Macro functions are usually limited by the software that make them possible, however. No one wants to spend half an hour setting up a controller for use with a game. Fortunately, the G-series Key Profiler software that ships with the G13 is excellent. Binding a G-key to any specific function takes just ten or twenty seconds, and you can configure a complex set of custom bindings within five minutes. Once you have a set of bindings configured how you would like, you can simply save the configuration as a profile which can be loaded up or altered later.

The physical Macro keys also enhance the G13’s flexibility. There are three macro keys, each of which can be loaded with its own set of key bindings. As if that weren’t enough, the G13 also includes a quick-macro button that lets you bind keys on-the-fly. Simply press the Quick Marco button, press a key on the G13, press a key on your keyboard, and then press the Quick Macro button again. Instant macro!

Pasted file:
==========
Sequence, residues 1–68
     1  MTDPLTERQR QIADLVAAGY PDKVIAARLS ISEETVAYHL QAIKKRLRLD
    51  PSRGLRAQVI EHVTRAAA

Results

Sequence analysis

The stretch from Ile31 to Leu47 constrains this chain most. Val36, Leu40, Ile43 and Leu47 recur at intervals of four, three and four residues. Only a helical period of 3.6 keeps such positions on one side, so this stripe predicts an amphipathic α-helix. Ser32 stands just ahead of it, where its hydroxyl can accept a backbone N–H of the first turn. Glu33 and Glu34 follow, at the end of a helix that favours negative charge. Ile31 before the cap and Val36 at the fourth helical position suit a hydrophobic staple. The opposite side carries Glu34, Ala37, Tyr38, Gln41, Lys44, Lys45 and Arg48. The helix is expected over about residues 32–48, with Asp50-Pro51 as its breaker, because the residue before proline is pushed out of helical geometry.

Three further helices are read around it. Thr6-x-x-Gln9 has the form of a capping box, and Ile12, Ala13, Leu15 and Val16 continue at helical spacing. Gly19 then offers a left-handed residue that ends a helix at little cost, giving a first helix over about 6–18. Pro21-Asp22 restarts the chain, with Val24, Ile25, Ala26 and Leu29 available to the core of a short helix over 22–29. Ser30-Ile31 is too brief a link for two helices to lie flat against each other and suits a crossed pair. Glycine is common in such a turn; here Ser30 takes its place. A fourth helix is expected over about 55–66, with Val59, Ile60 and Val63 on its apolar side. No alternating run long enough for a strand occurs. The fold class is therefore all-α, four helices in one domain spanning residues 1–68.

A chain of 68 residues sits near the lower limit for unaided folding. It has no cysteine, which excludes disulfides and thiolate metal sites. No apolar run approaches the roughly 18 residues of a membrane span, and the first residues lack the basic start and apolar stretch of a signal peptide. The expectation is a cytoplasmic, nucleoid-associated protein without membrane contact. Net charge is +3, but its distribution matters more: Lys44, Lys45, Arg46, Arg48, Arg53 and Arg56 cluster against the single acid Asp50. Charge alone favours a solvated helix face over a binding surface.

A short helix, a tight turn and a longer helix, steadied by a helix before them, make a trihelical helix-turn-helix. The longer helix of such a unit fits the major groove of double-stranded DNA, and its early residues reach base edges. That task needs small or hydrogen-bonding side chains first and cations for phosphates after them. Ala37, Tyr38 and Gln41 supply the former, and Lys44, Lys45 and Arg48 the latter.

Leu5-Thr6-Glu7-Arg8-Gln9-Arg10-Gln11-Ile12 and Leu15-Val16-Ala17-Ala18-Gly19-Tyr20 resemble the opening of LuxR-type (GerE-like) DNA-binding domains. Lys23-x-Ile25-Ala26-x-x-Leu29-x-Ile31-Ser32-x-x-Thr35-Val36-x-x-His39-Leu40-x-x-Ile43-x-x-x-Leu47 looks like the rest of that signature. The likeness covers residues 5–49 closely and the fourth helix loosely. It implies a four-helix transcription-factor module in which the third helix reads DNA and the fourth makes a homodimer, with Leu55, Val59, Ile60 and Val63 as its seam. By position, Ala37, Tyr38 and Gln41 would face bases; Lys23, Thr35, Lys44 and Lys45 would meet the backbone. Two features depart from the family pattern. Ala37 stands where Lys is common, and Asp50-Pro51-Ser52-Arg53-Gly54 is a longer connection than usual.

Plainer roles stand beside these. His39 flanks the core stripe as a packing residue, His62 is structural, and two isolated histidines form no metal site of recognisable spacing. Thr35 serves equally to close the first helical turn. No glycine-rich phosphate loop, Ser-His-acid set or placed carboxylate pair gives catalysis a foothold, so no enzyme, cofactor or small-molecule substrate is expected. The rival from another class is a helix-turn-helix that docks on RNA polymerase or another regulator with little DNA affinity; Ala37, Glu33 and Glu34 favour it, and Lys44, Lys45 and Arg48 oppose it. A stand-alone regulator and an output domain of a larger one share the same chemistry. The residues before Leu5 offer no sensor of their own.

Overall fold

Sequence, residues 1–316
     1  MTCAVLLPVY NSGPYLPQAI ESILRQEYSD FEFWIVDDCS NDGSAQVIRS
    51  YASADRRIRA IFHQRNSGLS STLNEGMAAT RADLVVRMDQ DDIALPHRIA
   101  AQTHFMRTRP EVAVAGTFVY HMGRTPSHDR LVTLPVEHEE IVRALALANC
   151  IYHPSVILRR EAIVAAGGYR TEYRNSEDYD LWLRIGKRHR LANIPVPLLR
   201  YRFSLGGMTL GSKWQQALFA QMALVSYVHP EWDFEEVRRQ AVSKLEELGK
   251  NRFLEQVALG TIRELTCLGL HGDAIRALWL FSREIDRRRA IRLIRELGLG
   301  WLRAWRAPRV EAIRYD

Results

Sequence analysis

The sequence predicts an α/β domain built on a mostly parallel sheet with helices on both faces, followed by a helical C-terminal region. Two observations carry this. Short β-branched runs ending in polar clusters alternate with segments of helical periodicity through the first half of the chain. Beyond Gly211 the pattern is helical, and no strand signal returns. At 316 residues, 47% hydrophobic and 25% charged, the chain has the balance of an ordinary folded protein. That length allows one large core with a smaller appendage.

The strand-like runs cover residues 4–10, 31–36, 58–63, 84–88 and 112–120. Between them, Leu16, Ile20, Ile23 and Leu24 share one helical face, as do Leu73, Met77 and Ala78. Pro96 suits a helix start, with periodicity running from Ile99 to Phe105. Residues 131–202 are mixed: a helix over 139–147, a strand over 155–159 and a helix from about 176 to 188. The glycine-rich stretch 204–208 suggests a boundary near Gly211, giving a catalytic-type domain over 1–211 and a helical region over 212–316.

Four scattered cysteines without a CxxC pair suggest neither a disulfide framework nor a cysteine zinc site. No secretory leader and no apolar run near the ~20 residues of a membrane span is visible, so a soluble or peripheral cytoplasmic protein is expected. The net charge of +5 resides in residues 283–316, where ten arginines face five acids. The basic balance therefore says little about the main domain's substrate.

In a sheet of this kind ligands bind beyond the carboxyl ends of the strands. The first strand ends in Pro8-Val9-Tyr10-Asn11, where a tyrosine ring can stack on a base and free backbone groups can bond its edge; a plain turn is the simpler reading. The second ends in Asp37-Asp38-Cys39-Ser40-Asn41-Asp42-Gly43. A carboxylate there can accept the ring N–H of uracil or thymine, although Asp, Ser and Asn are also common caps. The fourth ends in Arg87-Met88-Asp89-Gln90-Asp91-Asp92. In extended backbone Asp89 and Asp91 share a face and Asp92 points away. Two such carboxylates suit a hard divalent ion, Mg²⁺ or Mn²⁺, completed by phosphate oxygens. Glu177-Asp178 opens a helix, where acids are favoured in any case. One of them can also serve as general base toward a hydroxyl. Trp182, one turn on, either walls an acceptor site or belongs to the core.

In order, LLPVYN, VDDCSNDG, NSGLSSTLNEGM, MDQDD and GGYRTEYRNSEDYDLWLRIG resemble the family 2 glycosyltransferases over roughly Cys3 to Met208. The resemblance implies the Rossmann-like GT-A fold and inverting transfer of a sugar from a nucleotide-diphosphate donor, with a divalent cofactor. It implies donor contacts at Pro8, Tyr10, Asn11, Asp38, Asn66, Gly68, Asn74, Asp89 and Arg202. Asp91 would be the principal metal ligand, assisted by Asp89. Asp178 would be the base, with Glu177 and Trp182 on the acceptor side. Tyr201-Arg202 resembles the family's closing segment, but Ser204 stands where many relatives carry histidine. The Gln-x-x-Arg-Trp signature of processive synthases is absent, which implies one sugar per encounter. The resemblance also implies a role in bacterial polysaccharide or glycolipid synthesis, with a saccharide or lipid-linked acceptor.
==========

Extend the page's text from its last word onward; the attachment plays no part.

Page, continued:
June 19, 2011 | 11:13 PM - Posted by Frostbite (not verified)

I've been using a G13 for about 1.5 years now and have become so accustomed to it, I couldn't play any FPS games without it. It felt awkward at first for sure, then I grew into it just like a new controller for a new system back in the day. It's more comfortable than any keyboard and I have nearly 0% missed buttons when using it and feel as if it has actually improved my reaction abilities over time. The thumb stick I only use for macros, though. It's not useful for actual movement in my opinion, unless you like the awkward placement and feel of the skinny thing.